As more and more former B-boys and B-girls find jobs in hip-hop outside of the spotlight — as label heads, video directors, stylists, journalists — a trend is making itself apparent: The jobs with the shortest tenure are the most visible ones. Nearly everyone in hip-hop, from hot young mogul Puffy Combs to me, should outlast the rappers themselves. That’s because of the Hip-hop Slide.
The Slide is the probability that after an aesthetically influential, attention-grabbing debut album, each successive release will decrease in quality and receive less attention. Unlike in jazz or rock, where artists often follow highly revered debuts with ongoing careers and wide explorations of their potential, in hip-hop the debut album is too often a career zenith.
Sliders include East Coasters Brand Nubian, Pete Rock and C.L. Smooth, Das EFX and Poor Righteous Teachers; West Coasters Digital Underground, Paris and Cypress Hill; old schoolers Eric B. and Rakim, Big Daddy Kane and Slick Rick; and new schoolers Arrested Development. The Slide doesn’t always work itself out nicely: De La Soul have produced better albums with each release — concluding with their much-overlooked masterpiece, Bubloone Mindstate (1993) — but received less attention for each one. And some hip-hop giants may not have slid straight down, but after classic first, second and/or third albums, Jungle Brothers, Ice Cube, LL Cool J and Public Enemy have, in the past few years, released product far inferior to the work that first distinguished them.
The Slide can be blamed, in part, on artists’ losing their connection with the street and satisfying the hunger that drove them as hopefuls with something to prove. But the nature of hip-hop carries an extra hurdle: Once your album comes out, your style — that is, all your vocal and musical innovations — is absorbed by artists and fans. In hip-hop it’s always essential to make it new and very hard to renew the rush of first sonic love.
This is especially true because of the heavy pressure hip-hop puts on an MC’s voice. Even among those who can flow, there are few with a God-given vocal quality that is compelling enough to allow more than short-term success as an MC. Unlike fans’ reactions to their favorite rock and pop singers, the vocal familiarity of rappers often breeds contempt and boredom in the hip-hop community. That’s why Black Sheep suddenly seem like a marriage that has run its course.
In 1991 rapper Dres and producer Mista Lawnge burst out with A Wolf in Sheep’s Clothing and two large hits: “Flavor of the Month” and “The Choice Is Yours.” Non-Fiction shows that Lawnge has matured as he laces tracks with interesting musical ideas like combining sharp percussion and high-note piano on “Let’s Get Cozy” or letting an antique-sounding piano dominate “Summa tha Time.” Though Dres is a good rhymer, he isn’t worthy: His voice has neither the authority nor the cool to hold the ears Lawnge is tickling. A few years ago, while Black Sheep’s singles were hot, we got a large dose of Dres’ voice. That seems to have been enough.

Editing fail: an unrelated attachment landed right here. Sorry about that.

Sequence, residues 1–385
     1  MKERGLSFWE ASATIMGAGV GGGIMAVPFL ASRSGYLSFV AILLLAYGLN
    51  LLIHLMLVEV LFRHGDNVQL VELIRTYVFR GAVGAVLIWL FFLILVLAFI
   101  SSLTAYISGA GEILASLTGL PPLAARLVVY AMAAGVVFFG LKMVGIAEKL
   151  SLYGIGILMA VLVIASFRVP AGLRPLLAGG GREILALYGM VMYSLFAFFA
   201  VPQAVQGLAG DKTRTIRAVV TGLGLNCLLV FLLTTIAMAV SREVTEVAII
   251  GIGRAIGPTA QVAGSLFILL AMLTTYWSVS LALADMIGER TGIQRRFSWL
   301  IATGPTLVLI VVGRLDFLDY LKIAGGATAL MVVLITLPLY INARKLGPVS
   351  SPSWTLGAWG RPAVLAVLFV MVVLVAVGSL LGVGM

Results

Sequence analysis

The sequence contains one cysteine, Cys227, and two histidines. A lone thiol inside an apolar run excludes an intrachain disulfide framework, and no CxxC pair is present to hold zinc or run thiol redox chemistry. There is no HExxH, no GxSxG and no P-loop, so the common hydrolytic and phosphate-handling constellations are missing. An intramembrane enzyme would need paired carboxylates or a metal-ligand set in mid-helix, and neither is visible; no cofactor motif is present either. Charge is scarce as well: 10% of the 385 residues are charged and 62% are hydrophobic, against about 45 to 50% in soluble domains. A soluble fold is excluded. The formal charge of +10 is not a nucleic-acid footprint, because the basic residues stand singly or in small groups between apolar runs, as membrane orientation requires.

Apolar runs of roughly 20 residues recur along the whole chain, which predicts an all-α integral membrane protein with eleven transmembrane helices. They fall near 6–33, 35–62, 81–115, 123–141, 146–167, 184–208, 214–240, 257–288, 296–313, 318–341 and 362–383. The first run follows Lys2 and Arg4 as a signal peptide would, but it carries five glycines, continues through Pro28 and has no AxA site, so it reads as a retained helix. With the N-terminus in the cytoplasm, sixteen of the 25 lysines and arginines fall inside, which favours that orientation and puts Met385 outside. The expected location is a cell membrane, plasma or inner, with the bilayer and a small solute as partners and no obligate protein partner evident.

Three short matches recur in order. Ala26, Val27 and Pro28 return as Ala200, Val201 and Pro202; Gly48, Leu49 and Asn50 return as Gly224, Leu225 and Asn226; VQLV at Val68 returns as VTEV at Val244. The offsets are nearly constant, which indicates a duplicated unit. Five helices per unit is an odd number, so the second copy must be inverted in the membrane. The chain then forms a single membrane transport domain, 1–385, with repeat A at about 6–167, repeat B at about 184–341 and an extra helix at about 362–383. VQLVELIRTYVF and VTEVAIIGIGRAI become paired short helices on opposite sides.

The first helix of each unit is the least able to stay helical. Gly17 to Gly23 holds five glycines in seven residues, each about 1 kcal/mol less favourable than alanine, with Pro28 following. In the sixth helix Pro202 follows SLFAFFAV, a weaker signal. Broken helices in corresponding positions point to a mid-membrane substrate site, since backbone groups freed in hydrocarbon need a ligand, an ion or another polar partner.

With Dare Iz a Darkside, Redman, too, shows he has hardly grown since introducing the heavy funk style that characterized Whut? Thee Album. Despite a handful of good songs, Dare often drags and seems largely a regurgitation. The album’s first single, “Rockafella,” samples Leon Haywood’s “I Want’a Do Something Freaky to You” and George Clinton’s “Flashlight,” two of the most sampled songs in hip-hop. Redman also remixes “Tonight’s da Night” and gives us a second version of “A Day of Sooperman Lover,” but the entire album is like a Whut? Thee Album redux as he mindlessly plugs in to the funked-out formula that got him paid last time.
Of course, some hip-hoppers defy the Slide. A Tribe Called Quest, Gang Starr and Dr. Dre have all, over measurable careers, influenced their peers and succeeded commercially. Now add Chicago’s Common Sense to the list of anti-Sliders.
Common’s first album (Can I Borrow a Dollar?, 1992) passed by with little notice, but his sophomore effort, Resurrection, has won the attention of serious hip-hop fans — some of whom have even called it a classic. Like a poor man’s Pete Rock and C.L. Smooth, Common flows over finely detailed, jazz-informed tracks, rhyming about hip-hop history (“I Used to Love H.E.R.”), hanging out (“Nuthin’ to Do”) and himself (“Thisisme”). For the album’s last song, Common passes the mike to his father for free-form talk on Chicago, basketball and peace. The song’s raw honesty, tempered emotionality and heavy familial overtone make it seem like another take on the idea of Rock and Smooth’s “They Reminisce Over You (T.R.O.Y.),” as well as a beautiful way to salute your father.
Whether or not Resurrection is a classic will be decided in the future, but for now it’s indisputable that Common Sense has succeeded in creating that rare thing: a solid hardcore hip-hop album. Hardcore not for the verbal body count but for the confluence of phat beats, smooth flows and dope rhymes. Resurrection belongs among the best recent hardcore albums: Illmatic, by Nas, Enter the Wu-Tang (36 Chambers), by Wu-Tang Clan, and Ready to Die, by the Notorious B.I.G. Of course, by this time next year, even those three may have joined the list of hip-hoppers on the Slide.